Late strike saves Spainís blushes
Defending champions get their 2014 World Cup campaign off to an unconvincing start with a narrow 1-0 win over Georgia.
Last Modified: 11 Sep 2012 21:39
The win was Spainís 23rd consecutive victory in qualifying, but they had to wait 86 minutes before breaking down the Georgia defence [Reuters]

Reigning World and European champions Spain needed an 86th-minute strike from Roberto Soldado to beat Georgia 1-0 in their opening Group I qualifier for the 2014 World Cup in Tbilisi on Wednesday.

It looked set to be a frustrating start to La Roja's bid to make it to the finals in Brazil, as a wall of Georgian defenders repelled wave after wave of attack and the hosts even initially overcame the loss of goalkeeper Giorgi Loria to injury in the second half.

But then the visitors played a corner short to substitute Cesc Fabregas, whose low centre was swept home by Soldado.

European results

Group A
Belgium 1-1 Croatia 1
Scotland 1 -1 Macedonia 
Serbia 6-1 Wales

Group B
Italy 2-0 Malta
Bulgaria 1-0 Armenia

Group C
Austria 1-2 Germany
Sweden 2-0 Kazakhstan

Group D
Hungary 1-4 Netherlands
Romania 4-0 Andorra
Turkey 3-0 Estonia

Group E
Cyprus 1-0 Iceland
Switzerland 2-0 Albania
Norway 2-1 Slovenia

Group F
N Ireland 1-1 Luxembourg
Israel 0-4 Russia 4

Group G
Slovakia 2-0 Liechtenstein
Greece 2-0 Lithuania
B-Herzegovina 4-1 Latvia

Group H
England 1-1 Ukraine
San Marino 0-6 Montenegro
Poland 2-0 Moldova

Group I
France 3-1 Belarus 
Georgia 0-1 Spain

It was the perfect riposte from the Valencia striker, who was not included in Vicente del Bosque's squad for the Euro 2012 campaign, to the surprise of many at the time.

Winning streak

The win maintains Spain's unbeaten run in competitive matches stretching back to their 1-0 loss to Switzerland in their opening game at the 2010 World Cup in South Africa.

"I would like to congratulate Georgia for their extraordinary performance," said Spain coach Vicente Del Bosque.

"They played with great enthusiasm and made it very difficult for us."

Del Bosque added that the second-half introductions of Cesc, Pedro Rodriguez and Santi Cazorla proved crucial in helping Spain break down their opponents.

"We had various options to try and break through, and it's true that Cesc and Pedro moved well between the lines, with intelligence, and it was from that the gap eventually appeared."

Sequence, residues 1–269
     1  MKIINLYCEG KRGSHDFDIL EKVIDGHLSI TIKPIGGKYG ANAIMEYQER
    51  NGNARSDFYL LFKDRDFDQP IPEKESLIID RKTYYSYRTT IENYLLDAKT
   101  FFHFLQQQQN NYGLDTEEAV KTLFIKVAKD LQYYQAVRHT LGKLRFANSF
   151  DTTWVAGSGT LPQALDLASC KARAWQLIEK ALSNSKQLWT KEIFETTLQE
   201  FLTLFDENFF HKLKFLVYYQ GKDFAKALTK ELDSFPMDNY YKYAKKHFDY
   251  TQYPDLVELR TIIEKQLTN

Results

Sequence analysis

Georgia coach Temuri Ketsbaia had seen his side beat Belarus 1-0 here in their opening qualifier at the weekend, but he made it clear that Spain arrived at the Boris Paichadze stadium as "the best team of all time."

And yet this was so very nearly a huge anti-climax for a Spain side that had cruised to the finals of the European Championship by winning every qualifier.

The pattern of the game was like so many involving Spain in recent times, with Georgia sometimes having all 11 players back behind the ball as the visitors camped in the final third.

They had chances, with David Silva crashing a left-foot shot off the woodwork following Xavi Hernandez's lay-off just before the half-hour mark.

Soon after, a Xavi effort from 25 yards was tipped over the bar by Loria, before the Barcelona playmaker found Soldado, who was denied by the Dinamo Tbilisi 'keeper.

With the scores still goalless, there was always a threat that Georgia could steal the lead with a moment of magic, and they nearly did just that early in the second half when defender Aleksandr Amisulashvili curled a shot off Iker Casillas' right-hand post.

But that was a rare moment of respite, and Georgia looked in trouble when, after a stoppage of several minutes for treatment, Loria had to be replaced.

His place was taken by Roin Kvaskhvadze, who was winning his first cap.

It proved to be quite a baptism of fire for the 23-year-old, who held on for 13 minutes until Soldado finally struck to silence the home fans in a 56,000 sell-out crowd.


Topics in this article
Featured on Al Jazeera
More than one-quarter of Gaza's population has been displaced, causing a humanitarian crisis.
Ministers and MPs caught on camera sleeping through important speeches have sparked criticism that they are not working.
Muslim charities claim discrimination after major UK banks began closing their accounts.
Italy struggles to deal with growing flood of migrants willing to risk their lives to reach the nearest European shores.
Assam officials upset that WWII-era Stillwell Road won't be used in transnational highway linking four Asian nations.
Informal health centres are treating thousands of Syrian refugees in Turkey, easing the pressure on local hospitals.
Indonesian and Malaysian authorities are keeping a close eye on local supporters of the hard-line Middle East group.
Wastewater ponds dot the landscape in US states that produce gas; environmentalists say theyíre a growing threat.
China President Xi Jinping's Mongolia visit brings accords in the areas of culture, energy, mining and infrastructure.
join our mailing list